I've never experienced it, but I can see that it would have a deterring factor. But we're also suggesting that where people are buying a lot of used cars that they have mileage listed on the used cars and they are not doing that now. And people buy them, you know, they're told by the salesman that car has good mileage, but it's not necessarily the case. And we'd like to have it mandated on the older used vehicles.

Michael Grant:
One of the concerns that occurs to me there is it's one thing coming off the manufacturers' production line to state mileage figures. After, though, it's been driven two or three years, I would think the reliability of that mileage data might be impacted considerably by how well it's been maintained and a variety of other things that would not intuitively be known in trying to post an accurate bit of data as to this car gets 18-miles to the gallon.

Phyllis Rowe:
That could be a factor. We're trying to get people to maintain their cars, to check the air in their tires, to change their air filters more frequently, to keep their cars front ends well aligned so that they will use less gasoline if they take care of their cars. And I encourage people. I generally have a gas gauge, a tire gauge in my hand and I'll ask the women to check the air in their tires frequently. Because it does make a big difference in the gas mileage. And with gasoline as expensive as it is, they're projecting it will be over $3 for much of the next -- the rest of the century here. And we're just trying to tell people that they can do these things to cut their costs and to cut the greenhouse gasses, too, so it will be environmentally good.

Michael Grant:
Well, for the time being let's try to enjoy $2.19, though. Phyllis Rowe thank you very much for joining us. We appreciate the information.

Phyllis Rowe:
Thank you.

Michael Grant:
Recently acclaimed author Luis Alberto Urrea was in the valley to talk about his book "The Devil's Highway" that explores the fate 26 men who tried to sneak into Arizona from Mexico across a stretch of desert known as the Devil's Highway. The book profiled the lives and deaths of the group known as the Yuma 14. Larry Lemmons talked to him about writing the 2005 Pulitzer Prize finalist book.

Larry Lemmons:
Let's talk about your personal background. You straddled the border your entire life. You were born in Tijuana to an American mother and Mexican father.

Luis Urrea:
Right.

Larry Lemmons:
How that is that influenced you in your work?

Luis Urrea:
Well, you know, it's put me in a strange position. I used to say when my first book came out that I felt like I was bisected personally by the border, you know? My dad was really Mexican even though he was blond and blue-eyed. But he was very chauvinistic about Mexico. My mom was a political conservative from New York, Red Cross woman, had been in World War II, had seen the death camps, helped liberate Buchenwald. So there was a weird camp between Mexicanness and Americanness in my household. I was always saying when I touring that there was a barbed wire going down the middle of my heart, which was a good metaphor. And one of the themes that I put in all my books now is that people in Mexico are as uneducated and unaware of what goes on in the border as people in the United States. We assume there's sort of a national conspiracy in Mexico, you know, to get people to the border. People don't know. They know as little about it in deep Mexico as they do in Chicago. I went to Mexico City and I was getting interviewed and I told the reporter my line. I said, you know, I have a barbed wire fence bisecting my heart. She was like, that's good. When the newspaper came out she misquoted me and said if you cut Luis's chest open with a knife you'll find a border patrol truck idling in his ribs. I thought, what does that mean? I thought the metaphor that would be exactly right for a Mexican; she had no idea what I was talking about.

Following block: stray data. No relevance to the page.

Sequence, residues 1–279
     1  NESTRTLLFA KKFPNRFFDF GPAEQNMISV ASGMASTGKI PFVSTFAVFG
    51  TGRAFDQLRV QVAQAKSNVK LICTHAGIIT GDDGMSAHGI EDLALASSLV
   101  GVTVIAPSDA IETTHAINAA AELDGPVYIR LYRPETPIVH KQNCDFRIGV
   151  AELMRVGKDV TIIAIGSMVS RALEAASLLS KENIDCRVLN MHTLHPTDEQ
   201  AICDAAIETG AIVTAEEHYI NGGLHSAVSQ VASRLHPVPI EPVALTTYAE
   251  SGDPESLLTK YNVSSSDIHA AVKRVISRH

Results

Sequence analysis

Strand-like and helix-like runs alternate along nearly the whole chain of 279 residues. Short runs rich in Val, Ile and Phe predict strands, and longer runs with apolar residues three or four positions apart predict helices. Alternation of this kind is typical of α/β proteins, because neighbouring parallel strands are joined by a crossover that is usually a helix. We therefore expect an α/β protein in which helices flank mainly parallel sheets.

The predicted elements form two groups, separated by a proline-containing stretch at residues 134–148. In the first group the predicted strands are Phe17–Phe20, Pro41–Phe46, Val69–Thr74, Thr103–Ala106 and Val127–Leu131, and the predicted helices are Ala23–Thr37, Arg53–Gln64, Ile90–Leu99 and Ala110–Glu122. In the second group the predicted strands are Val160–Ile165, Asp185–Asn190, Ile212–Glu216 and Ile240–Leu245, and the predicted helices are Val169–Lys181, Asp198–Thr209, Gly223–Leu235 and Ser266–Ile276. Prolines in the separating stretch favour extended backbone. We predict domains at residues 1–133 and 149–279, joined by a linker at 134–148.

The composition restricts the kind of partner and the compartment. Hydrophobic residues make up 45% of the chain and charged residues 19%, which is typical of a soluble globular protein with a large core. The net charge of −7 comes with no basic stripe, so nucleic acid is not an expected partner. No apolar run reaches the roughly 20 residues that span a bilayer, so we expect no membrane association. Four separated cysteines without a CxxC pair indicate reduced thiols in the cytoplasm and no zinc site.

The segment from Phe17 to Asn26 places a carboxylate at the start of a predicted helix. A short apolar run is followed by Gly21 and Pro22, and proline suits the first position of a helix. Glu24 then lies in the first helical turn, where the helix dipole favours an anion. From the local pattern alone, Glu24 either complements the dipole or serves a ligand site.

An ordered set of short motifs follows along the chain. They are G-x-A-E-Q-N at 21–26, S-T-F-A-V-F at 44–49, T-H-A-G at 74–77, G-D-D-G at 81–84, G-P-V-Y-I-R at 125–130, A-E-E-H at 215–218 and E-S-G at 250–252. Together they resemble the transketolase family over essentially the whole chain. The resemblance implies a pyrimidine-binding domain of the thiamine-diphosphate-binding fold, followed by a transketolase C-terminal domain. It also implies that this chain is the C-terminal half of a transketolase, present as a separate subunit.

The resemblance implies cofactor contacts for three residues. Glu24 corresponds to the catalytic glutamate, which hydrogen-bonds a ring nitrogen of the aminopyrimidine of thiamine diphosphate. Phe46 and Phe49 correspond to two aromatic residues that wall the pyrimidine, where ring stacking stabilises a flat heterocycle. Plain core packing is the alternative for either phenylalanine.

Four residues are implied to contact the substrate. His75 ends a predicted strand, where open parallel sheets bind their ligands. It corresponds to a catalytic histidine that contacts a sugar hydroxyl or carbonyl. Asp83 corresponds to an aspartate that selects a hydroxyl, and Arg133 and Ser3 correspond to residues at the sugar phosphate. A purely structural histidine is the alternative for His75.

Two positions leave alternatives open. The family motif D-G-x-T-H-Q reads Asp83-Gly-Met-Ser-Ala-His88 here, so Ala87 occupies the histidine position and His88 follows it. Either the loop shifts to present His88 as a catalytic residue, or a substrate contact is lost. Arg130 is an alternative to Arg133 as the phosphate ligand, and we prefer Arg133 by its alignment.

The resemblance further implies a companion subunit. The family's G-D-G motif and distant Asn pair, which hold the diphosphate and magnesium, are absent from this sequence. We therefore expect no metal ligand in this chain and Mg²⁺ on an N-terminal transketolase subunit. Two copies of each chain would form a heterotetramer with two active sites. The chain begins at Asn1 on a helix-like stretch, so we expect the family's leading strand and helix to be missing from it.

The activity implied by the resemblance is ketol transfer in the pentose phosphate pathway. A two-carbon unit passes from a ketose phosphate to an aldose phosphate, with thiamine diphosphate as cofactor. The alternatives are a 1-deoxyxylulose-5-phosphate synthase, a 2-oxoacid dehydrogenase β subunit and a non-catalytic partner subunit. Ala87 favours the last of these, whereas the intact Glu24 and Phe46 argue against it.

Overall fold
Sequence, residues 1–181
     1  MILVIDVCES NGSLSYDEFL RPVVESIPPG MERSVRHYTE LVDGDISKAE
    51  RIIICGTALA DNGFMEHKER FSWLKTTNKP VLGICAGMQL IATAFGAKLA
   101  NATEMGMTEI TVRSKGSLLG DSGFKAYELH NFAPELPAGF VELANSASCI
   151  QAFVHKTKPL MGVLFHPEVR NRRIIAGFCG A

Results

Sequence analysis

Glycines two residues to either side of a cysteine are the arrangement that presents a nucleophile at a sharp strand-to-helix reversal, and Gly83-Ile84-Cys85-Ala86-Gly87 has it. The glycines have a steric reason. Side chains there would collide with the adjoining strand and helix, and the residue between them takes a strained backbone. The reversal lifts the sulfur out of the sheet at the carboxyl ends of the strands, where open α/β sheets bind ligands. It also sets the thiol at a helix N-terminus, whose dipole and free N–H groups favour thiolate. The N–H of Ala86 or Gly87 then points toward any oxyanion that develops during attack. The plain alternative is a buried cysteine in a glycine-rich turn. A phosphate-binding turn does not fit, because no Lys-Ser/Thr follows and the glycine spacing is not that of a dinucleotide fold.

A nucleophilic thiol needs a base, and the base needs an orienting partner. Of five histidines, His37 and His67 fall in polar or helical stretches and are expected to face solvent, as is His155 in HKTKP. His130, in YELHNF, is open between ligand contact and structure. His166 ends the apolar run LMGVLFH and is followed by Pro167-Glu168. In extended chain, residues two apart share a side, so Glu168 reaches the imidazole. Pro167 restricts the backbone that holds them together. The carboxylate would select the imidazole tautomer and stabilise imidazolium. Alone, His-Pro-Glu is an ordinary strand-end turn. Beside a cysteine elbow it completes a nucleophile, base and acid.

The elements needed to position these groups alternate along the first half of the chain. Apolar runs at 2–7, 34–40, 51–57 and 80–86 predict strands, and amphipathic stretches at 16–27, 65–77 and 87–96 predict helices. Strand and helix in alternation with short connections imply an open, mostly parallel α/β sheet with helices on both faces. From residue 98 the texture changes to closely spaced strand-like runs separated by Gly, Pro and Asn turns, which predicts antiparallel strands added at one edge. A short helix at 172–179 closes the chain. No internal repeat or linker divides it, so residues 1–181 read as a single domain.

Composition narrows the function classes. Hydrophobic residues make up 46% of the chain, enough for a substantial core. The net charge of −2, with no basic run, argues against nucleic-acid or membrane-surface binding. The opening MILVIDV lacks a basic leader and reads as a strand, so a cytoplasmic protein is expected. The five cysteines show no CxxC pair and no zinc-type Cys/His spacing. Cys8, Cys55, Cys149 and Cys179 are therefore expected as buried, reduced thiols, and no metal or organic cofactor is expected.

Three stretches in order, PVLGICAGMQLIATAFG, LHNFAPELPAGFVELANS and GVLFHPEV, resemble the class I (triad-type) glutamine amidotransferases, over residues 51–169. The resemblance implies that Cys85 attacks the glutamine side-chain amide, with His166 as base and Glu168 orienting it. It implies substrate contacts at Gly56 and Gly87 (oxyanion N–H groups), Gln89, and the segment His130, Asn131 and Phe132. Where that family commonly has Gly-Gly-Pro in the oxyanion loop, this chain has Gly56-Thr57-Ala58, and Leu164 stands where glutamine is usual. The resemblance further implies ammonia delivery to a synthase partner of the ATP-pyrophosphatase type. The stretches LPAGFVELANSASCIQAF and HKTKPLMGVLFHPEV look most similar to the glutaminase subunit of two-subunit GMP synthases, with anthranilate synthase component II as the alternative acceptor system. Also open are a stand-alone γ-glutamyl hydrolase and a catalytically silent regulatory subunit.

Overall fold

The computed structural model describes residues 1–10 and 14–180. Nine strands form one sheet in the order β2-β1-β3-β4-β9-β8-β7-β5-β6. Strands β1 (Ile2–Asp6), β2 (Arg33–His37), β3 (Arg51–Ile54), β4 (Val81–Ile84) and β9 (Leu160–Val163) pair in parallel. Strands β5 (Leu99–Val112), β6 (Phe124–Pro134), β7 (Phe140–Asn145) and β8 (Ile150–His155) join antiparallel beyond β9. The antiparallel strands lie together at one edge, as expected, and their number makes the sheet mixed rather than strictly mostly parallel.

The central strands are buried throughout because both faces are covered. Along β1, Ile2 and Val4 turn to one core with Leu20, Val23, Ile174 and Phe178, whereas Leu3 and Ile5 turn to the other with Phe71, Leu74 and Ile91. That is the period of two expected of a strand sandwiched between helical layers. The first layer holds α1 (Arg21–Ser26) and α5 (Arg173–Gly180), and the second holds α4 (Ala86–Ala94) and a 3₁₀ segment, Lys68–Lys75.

Larry Lemmons:
Let's talk about the "Devil's Highway." It was nominated in 2001 for a Pulitzer. It tells the story of 26 people who were trying to cross the border. Only 12 survived. How did you choose that story?

Luis Urrea:
It chose me. I had worked as a missionary in Mexico for awhile. So my first books were about real poverty. So hoping people would understand what drives people north. Unfortunately that hasn't changed. In fact it's gotten worse since my first book. Then I did a memoir about my family's story. And as you know, I teach in Chicago so I was in my office one day and little brown contacted me. And I thought, this is kind of weird because this doesn't happen to writers. The publisher contacts them. But the story had been pre-9/11. This was just on the cusp. It was May 2001 when this event happened. And it was the largest single death event -- certainly the largest rescue effort in history. The border patrol gave it all up to try to save these people. And nobody knew how many guys. I mean, they're known as the Yuma 14, the 14 who died. I call them the Yuma 26 because they know 26 people were there because 12 survived. But it could be upwards of 30. Nobody really knows because some of the men vanished. One of the initial reports was there were 70 guys lost which is physically impossible for various details. But at least there were 26. So they asked me, can you write it. And knowing what you know about the border, can you use this story to insert realities about the Arizona desert and the crossing and the politics so Americans can learn and understand what's happening in the milieu.

Larry Lemmons:
"The Devil's Highway." What is it about that particular area of the border that make it is such a hostile environment?

Luis Urrea: